Tuesday, November 30, 2010

'Nudge' is the title of an influential book written a couple of years ago by Richard Thaler and Cass Sunstein. The thesis of the book is that small actions by government can be used to trigger large changes in behaviour amongst the population at large - government can 'nudge' people in a particular direction. The idea comes from the insights of behavioural economists who have combined research results from the disciplines of psychology and economics.

Nudge is now influential in policy circles. Indeed the new white paper on health policy, 'Healthy Lives, Healthy People', contains many ideas based on nudge. It talks of the need to harness 'the latest insights from behavioural science, and emphasises that 'top down inititiatives and lectures from central government about the risks are not the answer' to health issues.

Good. But let us hope that the solutions will be based on research, and that nudge is not used as an excuse for doing (and spending) too little when more needs to be done.

Monday, November 29, 2010

The Office for Budget Responsibility (OBR) has raised its forecast for growth in 2010 to 1.8%. This is in response to the higher than expected figure for third quarter growth. At the same time, the OBR's forecast for growth in 2011 has been cut - from 2.3% to 2.1% - following the VAT hike (from 17.5% to 20% in January of next year) and the planned cuts in government expenditure.

The outlook for the world economy remains very uncertain, with recent events surrounding the Irish economy merely serving to highlight the continued fragility of the financial sector. Weakness in the UK's main export markets continues to suggest that the risks remain on the downside. If the economy fares as well as the OBR expects in 2011, I would be pleasantly surprised; given the severity of the government's austerity measures, and the imposition of similar measures elsewhere, a growth rate of one point something seems to me to be more likely.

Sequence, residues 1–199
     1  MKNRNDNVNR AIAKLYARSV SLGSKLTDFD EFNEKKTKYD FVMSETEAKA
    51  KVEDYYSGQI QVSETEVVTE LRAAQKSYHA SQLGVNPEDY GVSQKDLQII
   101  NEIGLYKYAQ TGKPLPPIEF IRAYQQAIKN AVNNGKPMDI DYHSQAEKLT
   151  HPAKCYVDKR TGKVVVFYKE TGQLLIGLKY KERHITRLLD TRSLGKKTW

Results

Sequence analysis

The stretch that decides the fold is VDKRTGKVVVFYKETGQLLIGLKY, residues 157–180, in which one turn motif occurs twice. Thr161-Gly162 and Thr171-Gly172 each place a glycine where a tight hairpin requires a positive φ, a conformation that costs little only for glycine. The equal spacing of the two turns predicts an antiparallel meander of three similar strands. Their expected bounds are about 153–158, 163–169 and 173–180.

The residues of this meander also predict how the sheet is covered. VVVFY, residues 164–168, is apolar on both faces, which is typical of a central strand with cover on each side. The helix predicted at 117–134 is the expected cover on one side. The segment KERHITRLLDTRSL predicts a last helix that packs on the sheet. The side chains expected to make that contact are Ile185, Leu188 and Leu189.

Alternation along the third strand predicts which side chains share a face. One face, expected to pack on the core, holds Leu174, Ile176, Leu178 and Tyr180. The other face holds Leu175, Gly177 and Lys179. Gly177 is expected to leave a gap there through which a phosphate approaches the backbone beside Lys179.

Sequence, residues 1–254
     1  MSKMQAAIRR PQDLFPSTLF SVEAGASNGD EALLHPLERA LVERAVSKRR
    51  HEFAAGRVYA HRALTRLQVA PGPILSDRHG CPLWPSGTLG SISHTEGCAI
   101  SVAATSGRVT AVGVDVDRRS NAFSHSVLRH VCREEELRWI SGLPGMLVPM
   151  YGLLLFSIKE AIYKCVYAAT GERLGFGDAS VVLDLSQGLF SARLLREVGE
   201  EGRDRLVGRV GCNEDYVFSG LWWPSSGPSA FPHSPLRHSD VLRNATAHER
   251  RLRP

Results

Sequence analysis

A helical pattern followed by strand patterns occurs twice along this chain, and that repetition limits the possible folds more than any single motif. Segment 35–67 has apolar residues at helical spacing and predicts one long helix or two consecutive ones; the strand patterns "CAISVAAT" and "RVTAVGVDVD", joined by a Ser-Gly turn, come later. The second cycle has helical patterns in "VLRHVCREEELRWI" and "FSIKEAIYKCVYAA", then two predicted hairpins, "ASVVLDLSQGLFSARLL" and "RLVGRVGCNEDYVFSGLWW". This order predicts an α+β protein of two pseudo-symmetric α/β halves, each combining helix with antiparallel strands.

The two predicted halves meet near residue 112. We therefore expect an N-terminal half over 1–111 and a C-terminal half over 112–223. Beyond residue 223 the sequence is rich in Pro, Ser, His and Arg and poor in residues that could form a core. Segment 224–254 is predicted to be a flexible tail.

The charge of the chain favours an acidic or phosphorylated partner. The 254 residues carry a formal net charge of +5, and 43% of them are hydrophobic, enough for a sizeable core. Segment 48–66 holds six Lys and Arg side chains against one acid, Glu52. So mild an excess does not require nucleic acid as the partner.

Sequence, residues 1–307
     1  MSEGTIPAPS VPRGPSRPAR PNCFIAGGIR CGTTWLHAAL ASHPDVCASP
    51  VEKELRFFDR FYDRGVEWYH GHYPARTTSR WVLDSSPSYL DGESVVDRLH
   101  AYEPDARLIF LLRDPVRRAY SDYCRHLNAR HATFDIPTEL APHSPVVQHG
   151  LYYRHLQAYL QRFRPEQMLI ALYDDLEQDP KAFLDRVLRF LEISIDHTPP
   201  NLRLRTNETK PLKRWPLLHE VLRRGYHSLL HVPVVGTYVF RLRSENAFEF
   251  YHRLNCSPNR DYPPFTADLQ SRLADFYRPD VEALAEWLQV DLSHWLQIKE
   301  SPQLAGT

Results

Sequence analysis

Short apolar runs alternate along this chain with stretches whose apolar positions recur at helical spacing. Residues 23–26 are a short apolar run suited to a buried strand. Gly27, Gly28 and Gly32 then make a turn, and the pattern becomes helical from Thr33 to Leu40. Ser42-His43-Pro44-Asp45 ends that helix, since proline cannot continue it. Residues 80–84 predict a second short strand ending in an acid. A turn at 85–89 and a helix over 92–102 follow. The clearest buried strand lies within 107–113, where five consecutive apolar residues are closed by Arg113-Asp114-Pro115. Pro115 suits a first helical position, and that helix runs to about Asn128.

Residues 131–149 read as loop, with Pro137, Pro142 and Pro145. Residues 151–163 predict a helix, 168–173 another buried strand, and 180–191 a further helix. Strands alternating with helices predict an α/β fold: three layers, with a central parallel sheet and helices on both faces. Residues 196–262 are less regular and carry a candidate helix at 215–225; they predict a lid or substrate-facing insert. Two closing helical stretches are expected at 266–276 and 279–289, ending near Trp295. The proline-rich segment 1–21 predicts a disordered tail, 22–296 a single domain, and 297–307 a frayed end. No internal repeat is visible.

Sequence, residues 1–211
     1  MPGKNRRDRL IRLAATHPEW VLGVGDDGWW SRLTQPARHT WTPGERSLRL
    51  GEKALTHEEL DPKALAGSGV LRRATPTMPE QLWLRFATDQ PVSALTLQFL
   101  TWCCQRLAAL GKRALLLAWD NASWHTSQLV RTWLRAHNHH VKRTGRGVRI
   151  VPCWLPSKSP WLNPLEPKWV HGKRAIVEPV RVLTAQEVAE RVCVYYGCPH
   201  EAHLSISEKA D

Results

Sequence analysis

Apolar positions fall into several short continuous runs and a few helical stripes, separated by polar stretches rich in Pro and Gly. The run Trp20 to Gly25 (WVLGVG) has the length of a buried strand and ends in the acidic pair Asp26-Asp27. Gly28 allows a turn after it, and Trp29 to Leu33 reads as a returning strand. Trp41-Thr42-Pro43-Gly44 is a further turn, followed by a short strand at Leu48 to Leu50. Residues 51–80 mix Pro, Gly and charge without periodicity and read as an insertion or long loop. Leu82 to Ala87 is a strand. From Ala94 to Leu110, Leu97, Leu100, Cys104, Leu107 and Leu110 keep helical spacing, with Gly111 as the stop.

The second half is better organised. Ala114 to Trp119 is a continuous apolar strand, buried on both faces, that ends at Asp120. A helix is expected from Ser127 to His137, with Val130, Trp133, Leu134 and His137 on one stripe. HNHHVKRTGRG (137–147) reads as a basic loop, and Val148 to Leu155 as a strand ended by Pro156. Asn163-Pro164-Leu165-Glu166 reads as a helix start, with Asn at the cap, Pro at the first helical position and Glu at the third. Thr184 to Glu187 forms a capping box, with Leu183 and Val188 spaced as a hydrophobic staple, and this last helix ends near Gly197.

Thursday, November 25, 2010

The government has launched an initiative to create an index of happiness. Prime Minister David Cameron has argued that purely economic measures of prosperity, such as Gross Domestic Product, provide too narrow a metric of our wellbeing. No doubt he is right.

Composite measures of wellbeing are not a new thing. The United Nations has calculated a Human Development Index which, since 1990, has evaluated wellbeing in terms of people's educational attainment, life expectancy and income. The UK comes 26th in this ranking.

But what about happiness? A lot of recent work on happiness uses standard survey questions such as this: 'All things considered, how satisfied are you with life as a whole these days?' Respondents give a response, usually on a 5 point scale. The results correlate strongly with more objective measures of average happiness across countries - like suicide rates, addiction rates and so on. So perhaps there is something in this idea of a happiness index.

We know that stable familes, good health, active leisure time, high levels of employment, a relatively equal distribution of income, freedom and democracy all positively influence happiness. If these insights lead to the adoption of policies that are family friendly, that are health enhancing, that encourage active leisure and so on, then that is all to the good.

So far, so good. But there is an inconvenient paradox lying in wait. Much of the work that has been done on happiness indicates that happiness has not risen over time - even though we are now much richer than we were in the past. However, we also know that our happiness is determined largely by a comparison of our own income with that of other people. So if we see other countries getting richer while our own does not, we become less happy.

Like it or not, the question of economic prosperity will always come to the surface.

Tuesday, November 02, 2010

There is the deficit, and there is the debt. The deficit is a flow (like water flowing into a bath) - and it only make sense to talk of a flow as a measure of volume per period. The deficit tells us how much is being added to the debt per year. The debt, on the other hand, is a stock (like the amount of water that is actually in the bath). We pay interest on the national debt, and if the national debt rises too high we squander too much of our resource on these interest payments.

Clearly the flow and the stock are related. Keep the tap on too long and the tub overflows. The deficit does need to be reduced. But this chart, published by the Financial Times, is useful in putting things in context.

Relative to many other countries, the UK started out from a good place. Its policy response to the recession was aggressive (and, given the economy's reliance on financial services, it needed to be). We are left with a high deficit that needs to be cut. But the national debt remains in a place which gives the government some discretion (not much, but some) about how fast it should go in making the cuts.